BDS gains traction among academics
Like a snowball rolling downhill, the Boycott, Divestment and Sanctions (BDS) movement aimed at Israel keeps growing — especially among those who teach at universities.
The global BDS movement was initiated by Palestinian organizations in 2005, and is co-ordinated by the Palestinian BDS National Committee, a group of 27 organizations established in 2007.
It urges various forms of boycott against Israel until it ends its occupation of the lands occupied in June 1967; dismantles the wall dividing the West Bank from Israel proper; and makes Arab citizens of Israel fully equal.
It also demands that Israel allow post-1948 Palestinian refugees and their descendants to return to their homes and properties within present-day Israel, as stipulated in UN General Assembly Resolution 194, passed in December 1948 following the first Arab-Israeli war.
Were all of this to come to pass, it is highly unlikely that Israel would remain a Jewish-majority state, or even continue to exist at all.
Israeli academic institutions are particularly targeted due to what the Palestinian Campaign for the Academic and Cultural Boycott of Israel (PACBI) calls their “persistent and deep complicity in planning, implementing and whitewashing crimes against the Palestinian people.”
Their demands are resonating in the United States. On Nov. 27, the National Women’s Studies Association (NWSA) voted to support the boycott; 653 people approved, while only 86 opposed.
One week earlier, the general conference of the American Anthropological Association (AAA) voted to boycott Israeli academic institutions. The resolution, which passed with 1,040 votes in favour and 136 votes against, will go to a vote of the full membership in the spring.
The AAA is the largest American academic association to date to pass an academic boycott resolution.
These two associations join a growing list of scholarly associations and academics which approve of this form of punishing Israel.
They include the American Studies Association, the Association for Asian American Studies, the African Literature Association, the Critical Ethnic Studies Association, the Native American and Indigenous Studies Association, the National Association of Chicana and Chicano Studies, the Association for Humanist Sociology, and the Peace and Justice Studies Association.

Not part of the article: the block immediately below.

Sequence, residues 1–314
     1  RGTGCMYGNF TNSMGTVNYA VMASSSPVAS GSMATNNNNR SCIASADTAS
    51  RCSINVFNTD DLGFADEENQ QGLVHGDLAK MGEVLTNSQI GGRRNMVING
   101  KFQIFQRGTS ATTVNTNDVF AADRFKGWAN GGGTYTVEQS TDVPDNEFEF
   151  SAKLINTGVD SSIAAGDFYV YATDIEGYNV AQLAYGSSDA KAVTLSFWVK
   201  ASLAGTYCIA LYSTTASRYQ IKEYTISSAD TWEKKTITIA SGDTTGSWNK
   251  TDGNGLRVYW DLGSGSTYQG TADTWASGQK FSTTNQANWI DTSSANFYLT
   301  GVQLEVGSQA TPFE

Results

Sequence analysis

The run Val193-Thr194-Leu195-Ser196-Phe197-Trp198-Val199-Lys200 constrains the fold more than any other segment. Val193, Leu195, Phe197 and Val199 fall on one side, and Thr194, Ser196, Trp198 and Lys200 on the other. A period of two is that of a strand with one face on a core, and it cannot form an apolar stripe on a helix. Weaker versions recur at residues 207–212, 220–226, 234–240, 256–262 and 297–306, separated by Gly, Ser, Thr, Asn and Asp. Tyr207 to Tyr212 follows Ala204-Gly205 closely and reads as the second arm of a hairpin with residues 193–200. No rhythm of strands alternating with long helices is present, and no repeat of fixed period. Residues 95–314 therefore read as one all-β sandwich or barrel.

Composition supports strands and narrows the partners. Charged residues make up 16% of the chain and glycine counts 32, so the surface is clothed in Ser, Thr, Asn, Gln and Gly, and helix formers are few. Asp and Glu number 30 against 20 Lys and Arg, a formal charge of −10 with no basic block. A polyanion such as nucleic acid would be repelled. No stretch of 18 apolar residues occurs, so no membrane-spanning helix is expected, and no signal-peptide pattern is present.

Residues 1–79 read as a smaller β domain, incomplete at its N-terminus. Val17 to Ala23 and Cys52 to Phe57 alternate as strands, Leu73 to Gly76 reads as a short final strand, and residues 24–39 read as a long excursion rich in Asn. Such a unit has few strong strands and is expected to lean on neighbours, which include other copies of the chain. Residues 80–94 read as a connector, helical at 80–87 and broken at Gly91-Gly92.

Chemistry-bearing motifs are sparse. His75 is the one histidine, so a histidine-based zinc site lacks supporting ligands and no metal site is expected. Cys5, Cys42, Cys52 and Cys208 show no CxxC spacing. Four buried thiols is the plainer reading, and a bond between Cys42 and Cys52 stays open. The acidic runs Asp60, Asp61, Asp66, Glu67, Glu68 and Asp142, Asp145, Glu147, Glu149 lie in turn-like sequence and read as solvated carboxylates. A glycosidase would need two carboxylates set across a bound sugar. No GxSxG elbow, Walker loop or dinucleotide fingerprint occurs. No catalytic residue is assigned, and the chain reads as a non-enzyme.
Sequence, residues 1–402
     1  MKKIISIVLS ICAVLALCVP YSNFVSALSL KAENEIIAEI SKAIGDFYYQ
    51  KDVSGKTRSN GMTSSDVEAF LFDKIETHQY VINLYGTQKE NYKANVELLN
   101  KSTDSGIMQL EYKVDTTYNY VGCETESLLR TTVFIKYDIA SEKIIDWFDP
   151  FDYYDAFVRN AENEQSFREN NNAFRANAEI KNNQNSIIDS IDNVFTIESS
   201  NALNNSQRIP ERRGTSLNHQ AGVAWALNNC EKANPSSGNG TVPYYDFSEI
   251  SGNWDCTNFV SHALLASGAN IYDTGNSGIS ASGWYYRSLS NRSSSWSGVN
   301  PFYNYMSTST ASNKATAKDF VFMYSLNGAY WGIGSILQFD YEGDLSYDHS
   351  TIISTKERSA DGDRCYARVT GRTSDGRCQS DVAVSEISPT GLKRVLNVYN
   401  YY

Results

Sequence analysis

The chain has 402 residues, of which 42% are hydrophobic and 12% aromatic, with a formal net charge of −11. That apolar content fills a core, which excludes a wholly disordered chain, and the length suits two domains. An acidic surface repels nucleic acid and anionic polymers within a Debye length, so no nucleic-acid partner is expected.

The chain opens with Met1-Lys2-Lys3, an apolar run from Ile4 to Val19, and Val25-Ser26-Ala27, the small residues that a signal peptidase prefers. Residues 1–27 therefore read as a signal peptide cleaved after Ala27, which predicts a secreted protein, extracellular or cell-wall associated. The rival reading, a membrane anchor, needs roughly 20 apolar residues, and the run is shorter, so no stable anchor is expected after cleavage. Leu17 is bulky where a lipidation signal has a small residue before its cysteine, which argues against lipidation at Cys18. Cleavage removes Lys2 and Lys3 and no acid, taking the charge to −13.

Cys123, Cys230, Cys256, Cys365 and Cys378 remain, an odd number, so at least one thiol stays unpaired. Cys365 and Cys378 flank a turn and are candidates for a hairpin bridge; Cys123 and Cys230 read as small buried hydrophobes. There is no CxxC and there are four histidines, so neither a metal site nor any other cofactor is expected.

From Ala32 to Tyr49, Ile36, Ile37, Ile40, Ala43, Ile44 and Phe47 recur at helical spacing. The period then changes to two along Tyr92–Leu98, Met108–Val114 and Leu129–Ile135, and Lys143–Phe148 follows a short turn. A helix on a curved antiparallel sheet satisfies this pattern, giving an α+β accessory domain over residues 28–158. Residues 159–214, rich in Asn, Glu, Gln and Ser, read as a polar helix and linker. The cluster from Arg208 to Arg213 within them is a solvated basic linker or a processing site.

Some American academics are pushing back. Led by Mark Yudof, president emeritus of the University of California system, and Kenneth Waltzer, former director of Jewish Studies at Michigan State University, the Academic Engagement Network (AEN) has been formed to combat what it calls “Orwellian efforts” to discredit Israel.
Stephen Trachtenberg, president emeritus of George Washington University in Washington, DC, described the network as a group of concerned academics who “have devoted themselves to making it possible for people from all points of view” to speak candidly and without disruption.
“We ourselves are critical of Israel. We don’t claim perfection for Israel and no one expects us to do that,” stated Trachtenberg. “We’re not afraid of fair criticism of Israel.”
Also, the BDS movement suffered defeat at the American Historical Association’s annual conference. On Jan. 9, by a vote of 111-51, the AHA’s business meeting rejected a resolution to sanction Israel over alleged violations of Palestinian academic freedom.
“They understood that this was part of a political campaign and an attempt to use the American Historical Association for political purposes, and they rejected that,” remarked Prof. Jeffrey Herf of the University of Maryland.
“The members of the AHA have very high standards. They were not going to vote for a resolution like this that was making factual assertions that they couldn’t verify themselves.”